Red

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Yeah, @Sauce, differing municipalities out here have those impact fees (most notoriously, Cave Creek & their previous $40k impact fee) but I still don't think that's the main culprit...

And @Davidla, out here the shipping containers are more expensive to retro-fit with insulation/plumbing/electricity than building a stick-built home AND they'll still be less efficient. (also, I haven't even looked into if a bank would lend on them... but I'm guessing as long as they were granted a CofO then it would be okay?) So that's why those aren't flying here -but that's the desert & our summers are brutal. This might work better in, say, Santa Barbara or some Mediterranean climate that's more even year-round.

So why don't we have tiny/small house communities here? Nobody wants to fund them. It's simply a bad return on your investment. So someone is going to have to want to do it out of the kindness of their hearts for their fellow human being.

I will absolutely go on record for stepping up to help develop it, if someone wants to throw their hat in the ring... I just don't see it happening here unless there's some kind of gov't grant involved & someone is feeling philanthropic. Too many hurdles, too many roadblocks & not enough return on investment. It will have to be a labor of love, at this juncture.
 

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IIRC the cost per lot for a new built mobile home park was 10k (hooking up utilities etc) , since youre selling them the land outright I feel like the HOA fees would have to be at least a hundred bucks to make this worthwhile.

Of course lots of developers also dip their toes in the businesses to support the communities (for instance owning the local shopping centers and fast food places) so maybe you can profit on the backend.

Im just thinking someone who paid 40 or 60k for a house probably isn't going to be super psyched to pay you 15 or 20k for a tiny sliver of land and then a sizeable HOA fee.
 

PizzaOnTheRoof

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tylerwilkinson

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Marketed towards the right people (see: hipsters, artists, intellectuals), especially with an emphasis on sustainability, it could be valuable.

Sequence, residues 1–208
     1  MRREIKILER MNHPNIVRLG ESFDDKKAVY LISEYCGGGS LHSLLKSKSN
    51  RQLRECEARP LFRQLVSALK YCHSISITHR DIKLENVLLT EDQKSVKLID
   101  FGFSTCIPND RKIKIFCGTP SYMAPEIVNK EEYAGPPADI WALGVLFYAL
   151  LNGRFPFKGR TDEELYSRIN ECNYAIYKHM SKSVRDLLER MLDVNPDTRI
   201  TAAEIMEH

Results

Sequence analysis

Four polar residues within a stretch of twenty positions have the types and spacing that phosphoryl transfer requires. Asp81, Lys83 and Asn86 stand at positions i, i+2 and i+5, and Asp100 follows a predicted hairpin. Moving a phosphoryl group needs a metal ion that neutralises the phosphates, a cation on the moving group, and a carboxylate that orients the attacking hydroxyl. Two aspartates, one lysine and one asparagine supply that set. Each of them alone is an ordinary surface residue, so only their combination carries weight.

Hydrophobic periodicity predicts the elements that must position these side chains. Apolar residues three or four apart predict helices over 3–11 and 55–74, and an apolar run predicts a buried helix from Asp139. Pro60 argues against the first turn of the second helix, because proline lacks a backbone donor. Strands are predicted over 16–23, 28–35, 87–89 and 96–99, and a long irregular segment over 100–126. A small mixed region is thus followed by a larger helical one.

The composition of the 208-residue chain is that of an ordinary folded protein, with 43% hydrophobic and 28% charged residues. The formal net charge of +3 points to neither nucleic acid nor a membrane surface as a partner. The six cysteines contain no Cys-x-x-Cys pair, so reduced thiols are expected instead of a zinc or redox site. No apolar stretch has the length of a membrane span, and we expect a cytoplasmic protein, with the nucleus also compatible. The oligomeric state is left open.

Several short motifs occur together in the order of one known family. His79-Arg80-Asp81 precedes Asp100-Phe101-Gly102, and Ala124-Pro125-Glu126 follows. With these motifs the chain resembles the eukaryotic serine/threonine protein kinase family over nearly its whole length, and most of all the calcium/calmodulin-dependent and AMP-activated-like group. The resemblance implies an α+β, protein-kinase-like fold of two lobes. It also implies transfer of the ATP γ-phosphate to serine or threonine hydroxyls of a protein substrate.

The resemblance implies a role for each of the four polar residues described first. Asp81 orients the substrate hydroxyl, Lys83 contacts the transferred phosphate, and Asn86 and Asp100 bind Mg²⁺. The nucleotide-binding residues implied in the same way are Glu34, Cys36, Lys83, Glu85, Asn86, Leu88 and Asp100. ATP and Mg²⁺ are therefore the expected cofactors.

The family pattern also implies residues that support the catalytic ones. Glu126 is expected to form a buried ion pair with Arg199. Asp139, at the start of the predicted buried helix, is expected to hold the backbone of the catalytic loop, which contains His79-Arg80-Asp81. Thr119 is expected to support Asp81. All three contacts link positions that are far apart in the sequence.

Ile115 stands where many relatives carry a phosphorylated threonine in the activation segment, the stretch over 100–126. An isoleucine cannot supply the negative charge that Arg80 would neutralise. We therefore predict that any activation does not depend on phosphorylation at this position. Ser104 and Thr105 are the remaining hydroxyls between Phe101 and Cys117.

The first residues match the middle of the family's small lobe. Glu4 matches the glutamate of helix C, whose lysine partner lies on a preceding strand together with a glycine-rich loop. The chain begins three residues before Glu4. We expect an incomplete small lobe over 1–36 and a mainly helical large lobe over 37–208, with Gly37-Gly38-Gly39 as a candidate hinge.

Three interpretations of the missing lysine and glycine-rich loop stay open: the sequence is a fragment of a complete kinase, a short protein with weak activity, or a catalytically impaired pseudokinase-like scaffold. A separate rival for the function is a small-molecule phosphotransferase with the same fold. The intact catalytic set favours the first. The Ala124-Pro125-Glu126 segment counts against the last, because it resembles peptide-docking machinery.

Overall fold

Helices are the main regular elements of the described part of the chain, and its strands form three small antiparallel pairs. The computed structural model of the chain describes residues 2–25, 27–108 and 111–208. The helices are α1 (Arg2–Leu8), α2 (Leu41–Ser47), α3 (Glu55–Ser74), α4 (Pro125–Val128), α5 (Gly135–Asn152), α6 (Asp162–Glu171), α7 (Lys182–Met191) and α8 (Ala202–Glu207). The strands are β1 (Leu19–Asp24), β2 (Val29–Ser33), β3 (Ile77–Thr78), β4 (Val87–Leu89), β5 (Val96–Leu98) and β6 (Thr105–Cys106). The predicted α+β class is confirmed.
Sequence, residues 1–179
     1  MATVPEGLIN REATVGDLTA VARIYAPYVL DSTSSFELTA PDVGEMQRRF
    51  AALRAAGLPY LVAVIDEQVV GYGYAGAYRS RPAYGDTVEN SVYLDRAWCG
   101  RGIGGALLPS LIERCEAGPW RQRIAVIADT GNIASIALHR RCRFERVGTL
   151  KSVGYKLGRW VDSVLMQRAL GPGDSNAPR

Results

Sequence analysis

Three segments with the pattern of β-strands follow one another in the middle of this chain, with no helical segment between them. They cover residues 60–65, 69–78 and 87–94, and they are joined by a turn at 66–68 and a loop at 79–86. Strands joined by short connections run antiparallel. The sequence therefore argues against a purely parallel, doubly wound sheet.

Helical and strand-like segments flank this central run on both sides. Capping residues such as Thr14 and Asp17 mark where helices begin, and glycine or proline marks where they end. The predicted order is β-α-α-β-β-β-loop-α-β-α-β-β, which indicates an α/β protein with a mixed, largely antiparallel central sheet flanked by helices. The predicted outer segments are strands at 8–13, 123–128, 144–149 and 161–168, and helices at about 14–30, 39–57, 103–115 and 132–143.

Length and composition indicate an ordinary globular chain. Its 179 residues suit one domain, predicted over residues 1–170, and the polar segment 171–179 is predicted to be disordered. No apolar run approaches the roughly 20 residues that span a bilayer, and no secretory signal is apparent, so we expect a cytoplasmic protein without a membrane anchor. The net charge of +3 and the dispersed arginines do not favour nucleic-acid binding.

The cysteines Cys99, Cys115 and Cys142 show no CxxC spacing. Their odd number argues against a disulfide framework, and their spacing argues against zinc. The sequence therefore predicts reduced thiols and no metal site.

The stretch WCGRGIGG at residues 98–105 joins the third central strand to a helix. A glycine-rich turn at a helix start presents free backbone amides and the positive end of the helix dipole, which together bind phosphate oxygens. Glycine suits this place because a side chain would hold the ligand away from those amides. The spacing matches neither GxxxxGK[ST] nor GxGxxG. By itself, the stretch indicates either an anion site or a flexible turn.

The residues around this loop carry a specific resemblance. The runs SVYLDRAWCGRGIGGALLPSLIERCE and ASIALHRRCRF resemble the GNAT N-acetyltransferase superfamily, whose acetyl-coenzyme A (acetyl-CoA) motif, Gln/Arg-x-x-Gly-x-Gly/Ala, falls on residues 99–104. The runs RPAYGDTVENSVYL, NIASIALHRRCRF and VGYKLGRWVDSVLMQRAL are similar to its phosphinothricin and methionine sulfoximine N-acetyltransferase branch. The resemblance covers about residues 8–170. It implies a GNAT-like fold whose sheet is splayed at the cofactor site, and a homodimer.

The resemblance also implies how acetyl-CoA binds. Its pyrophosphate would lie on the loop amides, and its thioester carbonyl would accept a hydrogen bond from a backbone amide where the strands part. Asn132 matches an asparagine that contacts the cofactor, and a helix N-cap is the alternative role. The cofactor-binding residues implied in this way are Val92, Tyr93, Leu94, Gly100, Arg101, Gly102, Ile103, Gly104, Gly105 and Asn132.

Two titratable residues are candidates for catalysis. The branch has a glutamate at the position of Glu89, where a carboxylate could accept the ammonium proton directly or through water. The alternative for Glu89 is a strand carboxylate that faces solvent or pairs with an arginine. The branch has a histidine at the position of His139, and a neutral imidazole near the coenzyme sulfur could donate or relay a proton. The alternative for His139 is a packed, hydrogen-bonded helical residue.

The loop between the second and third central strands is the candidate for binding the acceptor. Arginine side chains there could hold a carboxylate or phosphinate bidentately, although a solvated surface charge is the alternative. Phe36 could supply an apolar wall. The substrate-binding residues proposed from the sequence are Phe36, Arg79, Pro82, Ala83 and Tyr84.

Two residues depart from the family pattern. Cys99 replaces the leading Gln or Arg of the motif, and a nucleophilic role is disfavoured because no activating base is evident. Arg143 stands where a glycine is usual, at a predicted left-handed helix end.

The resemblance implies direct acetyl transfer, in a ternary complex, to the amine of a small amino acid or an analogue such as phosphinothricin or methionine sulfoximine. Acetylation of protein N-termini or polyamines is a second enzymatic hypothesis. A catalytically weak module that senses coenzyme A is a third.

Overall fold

Or franchise it out so someone can build their own community on your prefab “tiny home town square”.
 

ChrisV

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You can take the tiny house out of the trailer park but you can't take the trailer park out of the tiny house :)
The tinyhome types aren't trashy.. they're just hippie millennials who don't want a big mortgage.
 

minivanman

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The tinyhome types aren't trashy.. they're just hippie millennials who don't want a big mortgage.
Yeah, but there is no saying for that.... :rofl:

I was going on the old saying..... you can take the girl out of the trailer park but you can't take the trailer park out of the girl.

Dang, I think I just thought of a dirty version of that. :inpain:
 

Blackadder

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Those houses are crazy expensive. Most are $200 - $400 Per square foot. Not really an affordable option.
Most of the tiny houses are super expensive when broken down to a price per foot because kitchens and bathrooms are the most expensive part of a house, tiny or otherwise.
 

Sauce

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Most of the tiny houses are super expensive when broken down to a price per foot because kitchens and bathrooms are the most expensive part of a house, tiny or otherwise.
Sorry @Blackadder I would have to disagree. The expensive part of kitchens and baths comes in the finishes (tile, cabinets, countertops, fixtures). There just aren't that many finishes in a tiny home.

Lets do some more digging on the dwellito homes

The Dwellito Novato Model is 1200 SF, and costs $185K ($154 PSF).

Lets take a traditional mobile home. No frills, but we are talking about affordable housing.
The Karsten K1676D is 1178 SF and the cost is $55K ($47 PSF).

You have a $107 PSF delta in just the building cost. Then you have to add in foundation, sitework, and roof ($75K according to dwellito).

Anybody a manufactured home expert that can chime in on what the difference is @WJK @Davidla ?